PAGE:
Modern western society encourages people to take risks by glorifying the potential rewards as worth the potential consequences. This is false though, since every risk has to be analysed to determine whether or not the reward is worth it. Some risks are worth taking and some are not.
Many people also tend to take extreme actions since they are easier than trying to take balanced actions. When considering risks, many people either disregard risks as too unlikely to happen, or are too scared to take even safe risks and hurt themselves by depriving themselves.
In my experience the prior is more common because most risks have a low probability of happening. Aircraft accidents, parachuting accidents, drowning, food poisoning and other injuries and diseases are generally improbable. Although there are millions of car accidents per year, most people are not many accidents. Because it is instinctive for people to see something that rarely (or never) happened to them as something that will never happen, it is common for them to not take precautions against risks that they deem as too improbably to be considerable. This is why teenagers don’t wear seatbelts, drive while inebriated, and do other dangerous things while judging people who do not do them as scared.
When such an accident happens though, there tends to be two extreme responses. Either the person does not realise the real risk, or they realise they were wrong but take extreme mesures to avoid risks in the future. Those that do not realise the risk either do not analyse their mistake and realise it was their fault, or analyse their mistake and either attribute it to bad luck, someone else’s fault, or uncontrollable circumstances. Those that take extreme precautions are acting out of fear instead of being reasonable. These people are likely depriving themselves of some benefit of a risk that is worth taking, such as when someone who has had a car accident refuses to ever drive again. There are times when driving is worth the risk and indeed necessary for something the person wants or needs.
Taking a risk should absolutely never be done for the rewards while ignoring the possible negative consequences. The rewards and probability of success, and the consequences and probability of failure need to be considered. An extremely high valued reward with a low chance of success might be worth an extremely bad negative result with a high chance of failure, or it might not. A high chance of winning something small might be worth risking a low chance of losing something big, or it might not. This has to be judged for each risk based on what the person’s objectives are and whether they think the consequences of winning are worth the consequences of losing. Inaction might also be another option, or equally inaction might be so bad that winning or losing would be better than doing nothing, in which case there is no doubt that one should take the risk.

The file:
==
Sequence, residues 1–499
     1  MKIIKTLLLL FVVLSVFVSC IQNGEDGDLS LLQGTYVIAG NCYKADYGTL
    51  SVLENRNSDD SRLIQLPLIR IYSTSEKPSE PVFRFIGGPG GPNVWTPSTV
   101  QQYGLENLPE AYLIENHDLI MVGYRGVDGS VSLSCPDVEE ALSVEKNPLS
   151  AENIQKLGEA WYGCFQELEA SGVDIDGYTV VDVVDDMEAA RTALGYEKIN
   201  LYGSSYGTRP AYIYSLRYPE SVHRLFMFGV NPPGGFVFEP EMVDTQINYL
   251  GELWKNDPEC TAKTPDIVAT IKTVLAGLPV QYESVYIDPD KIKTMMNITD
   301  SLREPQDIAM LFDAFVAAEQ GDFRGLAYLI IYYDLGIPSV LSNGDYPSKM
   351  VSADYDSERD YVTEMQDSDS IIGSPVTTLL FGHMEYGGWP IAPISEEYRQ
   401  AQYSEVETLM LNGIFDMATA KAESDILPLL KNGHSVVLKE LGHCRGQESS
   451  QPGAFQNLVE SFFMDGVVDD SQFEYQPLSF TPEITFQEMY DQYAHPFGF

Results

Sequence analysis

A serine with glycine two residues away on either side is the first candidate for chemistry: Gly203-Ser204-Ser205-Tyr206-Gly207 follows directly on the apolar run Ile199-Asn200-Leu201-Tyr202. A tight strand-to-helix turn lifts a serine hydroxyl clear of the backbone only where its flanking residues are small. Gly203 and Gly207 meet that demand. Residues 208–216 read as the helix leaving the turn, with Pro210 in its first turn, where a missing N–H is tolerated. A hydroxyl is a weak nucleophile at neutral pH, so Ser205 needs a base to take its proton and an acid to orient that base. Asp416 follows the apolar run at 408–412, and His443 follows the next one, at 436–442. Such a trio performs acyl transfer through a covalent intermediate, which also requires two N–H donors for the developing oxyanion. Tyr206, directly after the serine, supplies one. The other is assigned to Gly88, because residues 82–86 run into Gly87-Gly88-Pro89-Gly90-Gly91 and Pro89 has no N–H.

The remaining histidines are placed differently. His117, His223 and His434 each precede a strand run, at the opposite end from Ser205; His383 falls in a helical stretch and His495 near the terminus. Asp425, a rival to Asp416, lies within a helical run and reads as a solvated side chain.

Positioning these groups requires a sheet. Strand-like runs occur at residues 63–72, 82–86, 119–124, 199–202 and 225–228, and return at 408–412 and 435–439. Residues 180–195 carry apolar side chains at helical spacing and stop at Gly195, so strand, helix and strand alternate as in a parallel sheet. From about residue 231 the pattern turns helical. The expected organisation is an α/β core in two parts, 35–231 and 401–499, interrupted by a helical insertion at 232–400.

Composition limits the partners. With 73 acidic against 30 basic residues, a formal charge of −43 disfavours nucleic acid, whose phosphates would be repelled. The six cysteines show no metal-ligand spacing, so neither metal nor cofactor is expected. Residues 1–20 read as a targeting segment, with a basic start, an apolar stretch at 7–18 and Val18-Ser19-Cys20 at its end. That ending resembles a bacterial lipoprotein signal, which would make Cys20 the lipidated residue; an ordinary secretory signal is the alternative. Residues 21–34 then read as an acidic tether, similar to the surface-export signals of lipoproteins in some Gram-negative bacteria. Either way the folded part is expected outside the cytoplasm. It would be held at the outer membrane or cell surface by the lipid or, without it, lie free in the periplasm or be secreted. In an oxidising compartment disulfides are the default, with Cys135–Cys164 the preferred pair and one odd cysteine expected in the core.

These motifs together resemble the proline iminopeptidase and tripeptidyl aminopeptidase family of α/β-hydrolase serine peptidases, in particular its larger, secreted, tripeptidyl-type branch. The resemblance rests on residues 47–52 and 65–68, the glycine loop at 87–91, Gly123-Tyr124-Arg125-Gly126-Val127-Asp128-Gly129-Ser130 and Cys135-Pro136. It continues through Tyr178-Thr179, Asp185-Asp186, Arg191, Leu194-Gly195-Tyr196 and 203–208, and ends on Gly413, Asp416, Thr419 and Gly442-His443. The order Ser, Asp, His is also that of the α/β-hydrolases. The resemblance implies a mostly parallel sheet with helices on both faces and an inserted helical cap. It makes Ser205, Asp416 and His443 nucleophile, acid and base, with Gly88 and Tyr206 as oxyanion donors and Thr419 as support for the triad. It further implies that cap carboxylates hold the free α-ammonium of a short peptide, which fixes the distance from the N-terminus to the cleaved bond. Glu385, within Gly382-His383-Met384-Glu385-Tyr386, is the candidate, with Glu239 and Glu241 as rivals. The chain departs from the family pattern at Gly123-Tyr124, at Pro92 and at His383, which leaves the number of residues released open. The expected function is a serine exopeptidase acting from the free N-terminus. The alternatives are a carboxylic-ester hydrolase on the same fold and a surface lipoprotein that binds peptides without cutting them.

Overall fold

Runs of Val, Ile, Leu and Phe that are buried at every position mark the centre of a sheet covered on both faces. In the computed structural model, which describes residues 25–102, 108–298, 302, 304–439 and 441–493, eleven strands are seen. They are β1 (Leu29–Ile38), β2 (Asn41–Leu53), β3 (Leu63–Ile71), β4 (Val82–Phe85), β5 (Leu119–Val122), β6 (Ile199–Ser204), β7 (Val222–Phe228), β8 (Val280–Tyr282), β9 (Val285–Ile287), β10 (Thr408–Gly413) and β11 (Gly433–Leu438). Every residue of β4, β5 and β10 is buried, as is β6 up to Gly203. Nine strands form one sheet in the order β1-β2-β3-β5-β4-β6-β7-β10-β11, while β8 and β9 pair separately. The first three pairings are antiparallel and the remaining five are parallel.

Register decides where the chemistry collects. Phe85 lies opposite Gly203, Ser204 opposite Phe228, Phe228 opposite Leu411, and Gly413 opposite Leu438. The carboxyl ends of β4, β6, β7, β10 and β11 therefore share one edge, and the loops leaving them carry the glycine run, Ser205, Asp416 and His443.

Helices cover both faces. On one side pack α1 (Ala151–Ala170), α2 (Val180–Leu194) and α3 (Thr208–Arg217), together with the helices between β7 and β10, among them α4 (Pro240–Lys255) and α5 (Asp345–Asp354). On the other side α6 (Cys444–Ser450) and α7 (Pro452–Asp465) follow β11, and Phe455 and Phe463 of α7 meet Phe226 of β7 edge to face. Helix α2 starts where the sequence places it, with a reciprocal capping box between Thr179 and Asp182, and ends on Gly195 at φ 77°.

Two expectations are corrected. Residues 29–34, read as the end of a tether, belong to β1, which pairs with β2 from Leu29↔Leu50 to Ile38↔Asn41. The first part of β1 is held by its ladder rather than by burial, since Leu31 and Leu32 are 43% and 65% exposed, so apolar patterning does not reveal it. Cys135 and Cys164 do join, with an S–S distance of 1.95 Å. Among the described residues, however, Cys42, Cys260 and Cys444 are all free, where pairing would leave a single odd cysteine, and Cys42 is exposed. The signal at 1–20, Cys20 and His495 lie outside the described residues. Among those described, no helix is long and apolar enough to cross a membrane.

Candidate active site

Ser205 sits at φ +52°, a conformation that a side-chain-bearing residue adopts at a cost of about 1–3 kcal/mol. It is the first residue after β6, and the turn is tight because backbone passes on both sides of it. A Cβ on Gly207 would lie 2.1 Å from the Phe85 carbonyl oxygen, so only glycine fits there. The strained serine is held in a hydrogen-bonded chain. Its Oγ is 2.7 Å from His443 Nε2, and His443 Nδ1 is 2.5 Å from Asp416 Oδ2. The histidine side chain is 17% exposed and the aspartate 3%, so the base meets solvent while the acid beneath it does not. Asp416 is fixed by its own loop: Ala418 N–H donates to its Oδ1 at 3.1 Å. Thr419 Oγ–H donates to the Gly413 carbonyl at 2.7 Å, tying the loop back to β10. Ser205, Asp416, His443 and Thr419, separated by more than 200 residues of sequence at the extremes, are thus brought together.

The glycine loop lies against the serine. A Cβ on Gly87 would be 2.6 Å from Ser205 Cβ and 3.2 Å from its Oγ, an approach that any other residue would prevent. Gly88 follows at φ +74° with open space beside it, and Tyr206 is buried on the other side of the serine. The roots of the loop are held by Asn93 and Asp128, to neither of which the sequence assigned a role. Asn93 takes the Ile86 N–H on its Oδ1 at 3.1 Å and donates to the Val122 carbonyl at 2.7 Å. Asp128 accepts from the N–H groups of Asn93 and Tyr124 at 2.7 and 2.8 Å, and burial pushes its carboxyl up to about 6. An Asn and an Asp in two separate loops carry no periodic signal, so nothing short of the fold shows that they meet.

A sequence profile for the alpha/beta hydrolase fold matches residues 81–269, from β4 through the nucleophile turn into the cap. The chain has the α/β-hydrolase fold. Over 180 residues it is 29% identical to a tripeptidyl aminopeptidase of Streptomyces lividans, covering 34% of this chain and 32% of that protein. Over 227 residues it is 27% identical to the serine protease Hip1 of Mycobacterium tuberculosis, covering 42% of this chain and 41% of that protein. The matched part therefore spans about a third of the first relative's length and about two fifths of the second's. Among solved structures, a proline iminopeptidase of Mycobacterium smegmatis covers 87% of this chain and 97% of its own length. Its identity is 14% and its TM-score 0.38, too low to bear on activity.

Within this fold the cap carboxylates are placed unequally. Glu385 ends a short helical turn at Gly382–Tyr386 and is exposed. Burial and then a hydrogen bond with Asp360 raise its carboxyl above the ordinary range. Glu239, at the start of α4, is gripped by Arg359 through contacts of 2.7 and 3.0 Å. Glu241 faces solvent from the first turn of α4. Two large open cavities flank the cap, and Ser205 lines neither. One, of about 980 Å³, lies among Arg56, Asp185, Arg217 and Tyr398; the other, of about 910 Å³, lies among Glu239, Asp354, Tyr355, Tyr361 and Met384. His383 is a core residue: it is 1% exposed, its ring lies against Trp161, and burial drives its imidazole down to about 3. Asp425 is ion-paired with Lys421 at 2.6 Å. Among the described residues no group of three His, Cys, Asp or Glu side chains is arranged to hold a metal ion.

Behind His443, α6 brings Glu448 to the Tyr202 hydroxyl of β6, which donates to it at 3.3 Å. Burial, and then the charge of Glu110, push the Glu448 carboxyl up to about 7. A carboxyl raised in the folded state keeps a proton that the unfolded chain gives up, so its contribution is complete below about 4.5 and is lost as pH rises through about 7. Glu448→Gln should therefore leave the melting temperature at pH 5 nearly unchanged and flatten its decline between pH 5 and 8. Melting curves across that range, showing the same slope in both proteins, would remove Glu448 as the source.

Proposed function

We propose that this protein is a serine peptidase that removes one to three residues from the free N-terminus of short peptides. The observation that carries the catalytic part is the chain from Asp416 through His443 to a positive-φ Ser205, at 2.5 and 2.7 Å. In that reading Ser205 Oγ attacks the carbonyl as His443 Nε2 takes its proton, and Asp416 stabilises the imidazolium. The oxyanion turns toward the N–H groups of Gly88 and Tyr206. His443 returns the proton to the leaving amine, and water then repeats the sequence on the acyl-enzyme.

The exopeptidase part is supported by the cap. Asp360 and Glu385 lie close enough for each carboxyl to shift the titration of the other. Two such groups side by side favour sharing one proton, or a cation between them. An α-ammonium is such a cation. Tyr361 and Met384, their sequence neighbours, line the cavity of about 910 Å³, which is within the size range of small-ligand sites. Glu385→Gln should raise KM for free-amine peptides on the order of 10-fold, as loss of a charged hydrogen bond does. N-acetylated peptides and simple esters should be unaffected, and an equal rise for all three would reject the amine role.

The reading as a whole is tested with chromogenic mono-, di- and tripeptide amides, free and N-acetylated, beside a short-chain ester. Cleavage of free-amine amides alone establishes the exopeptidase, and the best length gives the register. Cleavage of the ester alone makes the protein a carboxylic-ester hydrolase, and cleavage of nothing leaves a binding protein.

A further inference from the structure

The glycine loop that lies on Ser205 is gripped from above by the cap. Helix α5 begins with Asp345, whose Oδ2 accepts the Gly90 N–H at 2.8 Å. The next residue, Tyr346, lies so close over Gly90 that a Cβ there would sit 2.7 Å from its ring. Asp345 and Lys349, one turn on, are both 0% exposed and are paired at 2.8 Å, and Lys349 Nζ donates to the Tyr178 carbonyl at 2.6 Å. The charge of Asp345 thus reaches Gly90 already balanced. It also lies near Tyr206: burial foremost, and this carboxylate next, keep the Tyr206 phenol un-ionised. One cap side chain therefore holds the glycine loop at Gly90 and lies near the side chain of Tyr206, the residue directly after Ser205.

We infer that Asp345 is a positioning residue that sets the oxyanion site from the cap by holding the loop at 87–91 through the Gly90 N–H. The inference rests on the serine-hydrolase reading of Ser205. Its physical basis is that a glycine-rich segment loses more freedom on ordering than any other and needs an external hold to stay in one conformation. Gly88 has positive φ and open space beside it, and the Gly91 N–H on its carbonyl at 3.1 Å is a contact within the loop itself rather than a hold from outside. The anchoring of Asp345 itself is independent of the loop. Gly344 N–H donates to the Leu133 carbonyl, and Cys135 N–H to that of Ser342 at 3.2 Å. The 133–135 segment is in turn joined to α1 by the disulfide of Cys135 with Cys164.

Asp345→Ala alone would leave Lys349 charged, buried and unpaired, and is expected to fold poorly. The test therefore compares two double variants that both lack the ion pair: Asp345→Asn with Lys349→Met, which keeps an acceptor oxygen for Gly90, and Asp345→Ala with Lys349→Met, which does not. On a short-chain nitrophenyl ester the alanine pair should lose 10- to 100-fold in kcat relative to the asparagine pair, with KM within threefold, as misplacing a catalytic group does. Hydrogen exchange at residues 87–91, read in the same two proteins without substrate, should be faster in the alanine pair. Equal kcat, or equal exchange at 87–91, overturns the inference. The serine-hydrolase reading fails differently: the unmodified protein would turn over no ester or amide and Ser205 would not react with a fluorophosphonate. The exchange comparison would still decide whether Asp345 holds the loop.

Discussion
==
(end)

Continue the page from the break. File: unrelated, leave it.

There are simple precautions people can take to lower the chances of failure with little sacrifice. Always wear your seatbelt, never drink drunk unless you have to, overall be careful and plan ahead with multiple contingency plans and be organised and carry out your plans efficiently. Always analyse risks when you can and be open minded and certain when judging what choice you want to make. Always consider logic, reason, morality, and your knowledge and emotions and what will happen as a result of what you do. If you succeed remember that there is almost always some luck involved and that you can be wrong. If you fail, remember that accidents happen but that you can take steps to avoid them and lessen their damage if they do happen. Do not let failure make you think that it is always best to take an extreme response to make sure that you never make that mistake or any other mistake again, because that is rarely reasonable and will probably do more damage to you, except this time it will not be because of a risk that failed but out of inaction that you chose.
Whether or not a risk must be determined by judging whether the rewards and probability of winning are worth the result and probability of losing.